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Between 1936 and 1975, far-right forces disappeared thousands of people and buried them clandestinely.
The Spanish Federation of Municipalities and Provinces (FEMP) on Wednesday presented a plan to recover some 4,000 remains of people killed during the Civil War (1936-1939) and the dictatorship of Francisco Franco (1939-1975).
Between 1936 and 1975, far-right forces disappeared thousands of people and buried them clandestinely. Using some US$1.8 million, investigations to date have located mass graves in 92 municipalities across the country.
During the presentation of the forensic plan, the first Vice President of the Spanish Government Carmen Calvo said neither the current pandemic nor the economic crisis should generate oblivion about Franco's victims.
She further noted that a budget of some US$13 million will be used over the next three years to recover the bodies of "compatriots who are still missing, according to international law."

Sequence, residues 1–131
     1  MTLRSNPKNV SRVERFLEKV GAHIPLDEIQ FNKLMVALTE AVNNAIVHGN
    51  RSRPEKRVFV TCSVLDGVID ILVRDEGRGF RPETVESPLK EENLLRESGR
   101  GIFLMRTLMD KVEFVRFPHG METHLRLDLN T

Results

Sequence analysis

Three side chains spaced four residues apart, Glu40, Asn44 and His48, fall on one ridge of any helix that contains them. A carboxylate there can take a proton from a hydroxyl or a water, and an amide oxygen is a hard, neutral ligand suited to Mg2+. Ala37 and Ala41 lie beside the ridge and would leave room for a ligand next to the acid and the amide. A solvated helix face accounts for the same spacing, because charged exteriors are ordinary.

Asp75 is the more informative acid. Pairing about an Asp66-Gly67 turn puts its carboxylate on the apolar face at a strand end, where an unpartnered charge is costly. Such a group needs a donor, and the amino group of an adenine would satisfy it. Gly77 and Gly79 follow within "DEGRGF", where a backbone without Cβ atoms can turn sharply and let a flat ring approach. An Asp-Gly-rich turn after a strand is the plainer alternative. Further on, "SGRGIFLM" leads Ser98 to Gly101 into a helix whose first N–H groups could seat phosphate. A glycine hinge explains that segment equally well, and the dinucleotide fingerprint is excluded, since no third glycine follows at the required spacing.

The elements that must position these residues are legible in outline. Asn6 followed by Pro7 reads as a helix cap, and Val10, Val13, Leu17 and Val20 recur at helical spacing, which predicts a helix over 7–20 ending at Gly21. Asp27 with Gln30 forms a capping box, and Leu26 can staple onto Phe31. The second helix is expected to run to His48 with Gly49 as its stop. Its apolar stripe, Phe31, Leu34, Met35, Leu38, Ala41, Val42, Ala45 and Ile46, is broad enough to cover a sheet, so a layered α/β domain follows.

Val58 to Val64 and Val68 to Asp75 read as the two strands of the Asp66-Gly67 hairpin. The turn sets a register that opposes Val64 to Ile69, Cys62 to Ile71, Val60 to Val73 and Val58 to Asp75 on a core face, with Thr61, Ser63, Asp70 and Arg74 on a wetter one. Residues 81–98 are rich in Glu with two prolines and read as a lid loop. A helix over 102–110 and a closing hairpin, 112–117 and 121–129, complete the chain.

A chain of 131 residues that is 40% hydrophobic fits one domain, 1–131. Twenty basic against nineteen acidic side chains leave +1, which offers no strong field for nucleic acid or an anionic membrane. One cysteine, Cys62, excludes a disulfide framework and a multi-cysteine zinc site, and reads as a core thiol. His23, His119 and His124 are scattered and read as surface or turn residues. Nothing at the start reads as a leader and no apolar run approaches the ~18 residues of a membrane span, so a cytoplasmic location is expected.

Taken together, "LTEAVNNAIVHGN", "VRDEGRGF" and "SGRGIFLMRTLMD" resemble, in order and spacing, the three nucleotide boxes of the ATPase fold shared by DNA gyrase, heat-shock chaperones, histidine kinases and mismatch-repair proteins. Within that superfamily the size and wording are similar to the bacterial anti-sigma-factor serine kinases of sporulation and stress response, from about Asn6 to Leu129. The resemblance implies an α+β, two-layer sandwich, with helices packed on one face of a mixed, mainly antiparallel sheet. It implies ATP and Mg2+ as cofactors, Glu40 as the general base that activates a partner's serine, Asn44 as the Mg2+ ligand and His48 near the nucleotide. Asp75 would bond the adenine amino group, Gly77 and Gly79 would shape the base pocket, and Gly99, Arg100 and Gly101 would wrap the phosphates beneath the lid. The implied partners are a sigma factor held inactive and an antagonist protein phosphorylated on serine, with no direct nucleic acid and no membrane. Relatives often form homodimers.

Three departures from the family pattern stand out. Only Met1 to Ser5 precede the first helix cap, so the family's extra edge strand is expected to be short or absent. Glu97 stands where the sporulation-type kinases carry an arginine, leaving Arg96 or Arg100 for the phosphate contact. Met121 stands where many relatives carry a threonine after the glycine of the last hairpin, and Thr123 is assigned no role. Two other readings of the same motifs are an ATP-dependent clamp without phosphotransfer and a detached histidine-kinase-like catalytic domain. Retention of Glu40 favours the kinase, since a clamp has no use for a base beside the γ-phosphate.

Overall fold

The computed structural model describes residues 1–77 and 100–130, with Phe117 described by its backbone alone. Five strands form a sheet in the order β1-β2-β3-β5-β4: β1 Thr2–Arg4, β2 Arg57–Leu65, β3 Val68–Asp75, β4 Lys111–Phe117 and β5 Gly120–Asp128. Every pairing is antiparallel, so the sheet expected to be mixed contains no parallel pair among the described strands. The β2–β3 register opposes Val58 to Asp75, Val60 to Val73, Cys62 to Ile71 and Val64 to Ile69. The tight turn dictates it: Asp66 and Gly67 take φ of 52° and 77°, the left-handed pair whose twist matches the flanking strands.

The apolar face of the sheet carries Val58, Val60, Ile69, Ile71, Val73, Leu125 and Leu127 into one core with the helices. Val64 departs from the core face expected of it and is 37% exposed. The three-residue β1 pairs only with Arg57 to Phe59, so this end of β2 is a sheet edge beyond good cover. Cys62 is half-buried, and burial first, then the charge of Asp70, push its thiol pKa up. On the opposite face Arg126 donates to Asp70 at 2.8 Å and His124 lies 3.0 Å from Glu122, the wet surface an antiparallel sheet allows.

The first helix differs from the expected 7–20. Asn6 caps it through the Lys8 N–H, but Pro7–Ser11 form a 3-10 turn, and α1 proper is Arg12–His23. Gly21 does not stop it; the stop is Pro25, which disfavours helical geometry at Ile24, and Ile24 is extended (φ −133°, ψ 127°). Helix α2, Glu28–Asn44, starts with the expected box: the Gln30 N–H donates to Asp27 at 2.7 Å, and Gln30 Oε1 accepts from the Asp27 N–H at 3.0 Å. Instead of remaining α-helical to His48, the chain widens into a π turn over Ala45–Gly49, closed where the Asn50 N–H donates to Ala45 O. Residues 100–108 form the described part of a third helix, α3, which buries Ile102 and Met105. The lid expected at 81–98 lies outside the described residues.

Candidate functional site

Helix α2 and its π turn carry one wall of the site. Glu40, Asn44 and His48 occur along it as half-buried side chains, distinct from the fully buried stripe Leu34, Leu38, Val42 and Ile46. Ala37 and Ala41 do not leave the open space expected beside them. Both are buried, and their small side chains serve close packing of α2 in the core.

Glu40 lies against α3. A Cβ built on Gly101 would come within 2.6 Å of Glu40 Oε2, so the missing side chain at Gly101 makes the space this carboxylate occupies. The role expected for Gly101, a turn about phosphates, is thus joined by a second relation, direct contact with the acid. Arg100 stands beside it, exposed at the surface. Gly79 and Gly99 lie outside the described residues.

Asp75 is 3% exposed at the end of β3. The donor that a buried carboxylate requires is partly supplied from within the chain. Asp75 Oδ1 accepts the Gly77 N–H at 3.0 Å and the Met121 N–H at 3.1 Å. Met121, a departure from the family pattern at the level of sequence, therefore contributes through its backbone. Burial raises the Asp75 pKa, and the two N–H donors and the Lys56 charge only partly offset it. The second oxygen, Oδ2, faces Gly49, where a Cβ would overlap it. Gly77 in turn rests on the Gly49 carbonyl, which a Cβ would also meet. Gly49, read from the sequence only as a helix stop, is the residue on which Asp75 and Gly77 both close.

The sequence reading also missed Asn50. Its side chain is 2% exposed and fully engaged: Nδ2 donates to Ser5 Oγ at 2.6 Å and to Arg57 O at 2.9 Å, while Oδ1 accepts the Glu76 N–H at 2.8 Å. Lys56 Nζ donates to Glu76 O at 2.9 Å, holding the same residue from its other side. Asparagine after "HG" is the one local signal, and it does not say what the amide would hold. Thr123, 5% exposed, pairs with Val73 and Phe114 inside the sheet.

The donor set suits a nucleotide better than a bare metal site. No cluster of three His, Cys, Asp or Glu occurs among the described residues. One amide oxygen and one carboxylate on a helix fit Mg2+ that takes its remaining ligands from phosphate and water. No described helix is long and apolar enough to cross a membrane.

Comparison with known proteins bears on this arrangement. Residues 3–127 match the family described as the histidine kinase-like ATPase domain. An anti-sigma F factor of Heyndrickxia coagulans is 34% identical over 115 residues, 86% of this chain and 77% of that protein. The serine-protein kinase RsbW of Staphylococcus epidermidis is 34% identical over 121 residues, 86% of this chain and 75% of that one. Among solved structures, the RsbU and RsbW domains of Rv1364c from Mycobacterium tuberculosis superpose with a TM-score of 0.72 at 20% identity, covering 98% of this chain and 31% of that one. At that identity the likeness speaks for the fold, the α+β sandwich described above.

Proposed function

The FEMP President Abel Caballero explained that clarifying what happened during the civil war and Franco's dictatorship is fundamental to strengthening democracy in Spain because without memory "there is no democracy."
In 2007, Spanish lawmakers enacted a "Historical Memory "law aimed at making reparations to the victims of the dictatorship.
Currently, a "Democratic Memory" law is being discussed. It envisions a four-year plan for the exhumation of some 25,000 corpses.